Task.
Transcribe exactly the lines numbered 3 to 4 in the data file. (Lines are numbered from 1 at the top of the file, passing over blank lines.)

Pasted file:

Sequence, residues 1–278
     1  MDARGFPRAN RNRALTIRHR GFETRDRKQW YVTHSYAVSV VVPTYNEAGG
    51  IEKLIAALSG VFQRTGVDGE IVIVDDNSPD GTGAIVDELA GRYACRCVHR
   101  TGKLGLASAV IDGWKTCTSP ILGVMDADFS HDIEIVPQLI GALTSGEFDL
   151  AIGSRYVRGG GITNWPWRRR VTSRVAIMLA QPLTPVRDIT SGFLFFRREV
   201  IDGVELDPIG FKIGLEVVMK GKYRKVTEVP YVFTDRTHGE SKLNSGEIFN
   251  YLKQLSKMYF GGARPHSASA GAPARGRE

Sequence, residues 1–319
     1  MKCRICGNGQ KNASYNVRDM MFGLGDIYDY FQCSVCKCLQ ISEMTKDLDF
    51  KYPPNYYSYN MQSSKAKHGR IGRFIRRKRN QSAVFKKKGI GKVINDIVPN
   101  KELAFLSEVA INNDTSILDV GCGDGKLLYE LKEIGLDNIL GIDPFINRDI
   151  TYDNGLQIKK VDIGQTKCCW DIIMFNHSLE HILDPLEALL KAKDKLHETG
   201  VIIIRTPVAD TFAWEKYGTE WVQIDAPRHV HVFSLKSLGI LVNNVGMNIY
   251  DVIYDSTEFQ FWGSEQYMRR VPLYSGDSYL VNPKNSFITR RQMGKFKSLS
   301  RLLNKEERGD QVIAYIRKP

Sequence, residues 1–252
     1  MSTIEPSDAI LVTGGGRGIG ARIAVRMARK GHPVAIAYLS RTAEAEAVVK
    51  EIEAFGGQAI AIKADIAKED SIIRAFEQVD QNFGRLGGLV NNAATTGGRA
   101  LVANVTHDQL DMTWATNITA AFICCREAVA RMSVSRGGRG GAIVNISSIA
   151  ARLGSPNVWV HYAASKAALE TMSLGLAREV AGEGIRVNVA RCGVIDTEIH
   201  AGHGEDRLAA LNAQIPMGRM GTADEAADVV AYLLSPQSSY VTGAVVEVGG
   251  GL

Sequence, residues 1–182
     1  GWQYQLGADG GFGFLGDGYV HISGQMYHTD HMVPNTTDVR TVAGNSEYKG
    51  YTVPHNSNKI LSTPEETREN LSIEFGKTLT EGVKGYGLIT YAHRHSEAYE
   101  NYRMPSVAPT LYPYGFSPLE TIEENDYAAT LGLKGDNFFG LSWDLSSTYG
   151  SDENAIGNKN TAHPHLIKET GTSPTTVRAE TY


    51  IEKLIAALSG VFQRTGVDGE IVIVDDNSPD GTGAIVDELA GRYACRCVHR
   101  TGKLGLASAV IDGWKTCTSP ILGVMDADFS HDIEIVPQLI GALTSGEFDL